Essay: On the Frequent Buyer Cards
(2018) Before we bid August – and essentially summer in the northern hemisphere – adieu there is always anticipation for what is next. Next weekend is the Bucks County Classic; a race by all approaches sounds the alarm on the 2018 road-racing season around here. It has been a long season, full of ups and downs, and a paradoxical eagerness to end my final season of racing has been setting in.
I set out to do a couple of races this year I had not tried. I am glad I circled the motorsports of Lime Rock, Connecticut. I also visited a well-entrenched race, the Tour of Somerville. I circled Media for the first year of that event. It would not be a summer of racing without one visit to Rodale Park for any number of rotating sponsor name bike races. Though I missed a handful of races I wanted to do, I have put in a good turn with one final obstacle remaining in Doylestown.
Amidst all the stress of trying to improve multiple years’ worth of race results, I have recently found myself eager for the off-season. Having a full calendar of races has given me focus. I would be lying if I said I was not concerned to get through trainer workouts in the winter. What would I be working towards for 2019? Outside rides have found me making a case for stopping at a favorite coffee shop and letting the heart rate come down. Once the autumn hits, I fully expect to find myself slid in a restaurant chair laying out my cycling gear next to a steaming cup of coffee.
The best part is I’m prepared for that to happen. Over the past few months I have been handing over my coffee punch cards to get marked. When one has filled up I stash it away and quickly reach for a fresh card. I have a couple of free coffee cards occupying my cycling wallet ready to be used the moment my race retirement starts. At events I have had a small gaggle of people ask if I write for creakybottombracket.com. I doubt anyone will come up to me at a coffee shop and inquire the same way.
I have wondered if cyclists around the world have collected multiple coffee cards to stash in jersey pockets and cycling wallets. What is there to lose? They weigh nothing but are valued around $2. They cost a dozen dollars to punch fully but all I see is free. I frown when I part with a couple dollar bills but pull a cheesy smile when I hand over the free coffee card. Like a break from cycling, the coffee card feels hard earned and deserving. This sort of belief must be global.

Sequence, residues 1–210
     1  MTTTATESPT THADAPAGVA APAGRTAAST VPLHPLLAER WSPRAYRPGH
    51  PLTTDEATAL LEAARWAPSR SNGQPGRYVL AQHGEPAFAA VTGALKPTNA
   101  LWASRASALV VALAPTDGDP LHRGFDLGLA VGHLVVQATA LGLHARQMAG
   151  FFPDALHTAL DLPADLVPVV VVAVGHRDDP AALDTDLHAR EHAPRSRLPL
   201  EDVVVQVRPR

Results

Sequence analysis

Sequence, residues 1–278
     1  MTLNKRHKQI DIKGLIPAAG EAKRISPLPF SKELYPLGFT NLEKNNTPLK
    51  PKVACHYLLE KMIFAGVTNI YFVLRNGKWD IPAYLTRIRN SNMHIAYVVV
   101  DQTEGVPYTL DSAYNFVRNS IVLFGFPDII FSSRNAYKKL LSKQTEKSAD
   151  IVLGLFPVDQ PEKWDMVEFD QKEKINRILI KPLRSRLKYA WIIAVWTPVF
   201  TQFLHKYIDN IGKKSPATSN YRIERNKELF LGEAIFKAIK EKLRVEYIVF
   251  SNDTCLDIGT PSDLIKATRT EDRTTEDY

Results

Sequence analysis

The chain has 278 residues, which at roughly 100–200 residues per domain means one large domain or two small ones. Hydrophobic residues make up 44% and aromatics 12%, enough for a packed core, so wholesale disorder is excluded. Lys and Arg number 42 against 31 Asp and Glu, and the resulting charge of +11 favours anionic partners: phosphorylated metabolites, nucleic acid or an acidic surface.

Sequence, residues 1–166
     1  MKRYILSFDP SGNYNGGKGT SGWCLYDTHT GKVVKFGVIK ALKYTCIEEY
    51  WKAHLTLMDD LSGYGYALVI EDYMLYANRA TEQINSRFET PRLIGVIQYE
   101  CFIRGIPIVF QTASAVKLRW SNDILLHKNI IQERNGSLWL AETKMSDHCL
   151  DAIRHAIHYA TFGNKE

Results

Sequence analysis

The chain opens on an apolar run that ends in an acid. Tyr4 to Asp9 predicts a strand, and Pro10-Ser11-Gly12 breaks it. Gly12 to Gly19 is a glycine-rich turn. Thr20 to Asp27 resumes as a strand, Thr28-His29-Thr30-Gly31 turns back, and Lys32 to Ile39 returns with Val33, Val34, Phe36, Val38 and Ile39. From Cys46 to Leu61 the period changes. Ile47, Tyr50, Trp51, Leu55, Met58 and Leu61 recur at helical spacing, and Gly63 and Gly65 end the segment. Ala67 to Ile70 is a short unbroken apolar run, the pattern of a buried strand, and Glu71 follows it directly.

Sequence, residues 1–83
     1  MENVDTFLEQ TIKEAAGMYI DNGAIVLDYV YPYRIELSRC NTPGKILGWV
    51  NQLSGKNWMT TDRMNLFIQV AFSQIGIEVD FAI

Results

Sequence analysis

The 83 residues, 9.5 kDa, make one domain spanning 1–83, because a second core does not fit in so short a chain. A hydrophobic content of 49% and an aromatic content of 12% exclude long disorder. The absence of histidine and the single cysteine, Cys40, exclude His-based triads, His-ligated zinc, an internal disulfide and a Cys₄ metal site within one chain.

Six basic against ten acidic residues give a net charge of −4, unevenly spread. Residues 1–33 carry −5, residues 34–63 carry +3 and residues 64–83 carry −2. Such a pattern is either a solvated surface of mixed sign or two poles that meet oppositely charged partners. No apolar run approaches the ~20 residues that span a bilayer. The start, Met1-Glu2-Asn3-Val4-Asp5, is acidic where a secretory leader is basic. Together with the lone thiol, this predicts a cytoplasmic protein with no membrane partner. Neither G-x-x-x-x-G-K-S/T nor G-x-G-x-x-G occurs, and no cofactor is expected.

Last weekend’s ride saw me buzz past several coffee shops without stopping. I want to have a rewarding showing next weekend. I hesitated to carry on past Homestead Coffee, made more difficult by the fact I had to walk the bike over the bridge near their parking lot. Hopping onto 519 I could have continued south just a bit more and scooted my card across the counter at Rojo’s Roastery in Lambertville. Or maybe I could have stopped at Stockton Farmer's Market and traded a La Colombe dark roast for a piece of creased cardboard. I was focused enough on next weekend to carry on. Soon I’ll interrogate, ‘What does it matter if I stop or not’ and pull into one of these establishments.
For now I am focused on improving my performance in next weekend’s Doylestown criterium amateur race prior to the Bucks County Classic. Last year I admittedly was not in shape for the drubbing that took place swiftly and distinctly. This year I have put the miles in on the road and on the trainer. Once I roll out for my first ride since retiring I will focus on my next self-implemented challenge. I like how I think within a non-taxing location, say a coffee shop. I feel like a copious amount of coffee helps me focus more. Luckily I have collected enough cards over the past few months to keep myself covered for a bit. Perhaps I’ll have this whole retirement from bike racing thing worked out after all.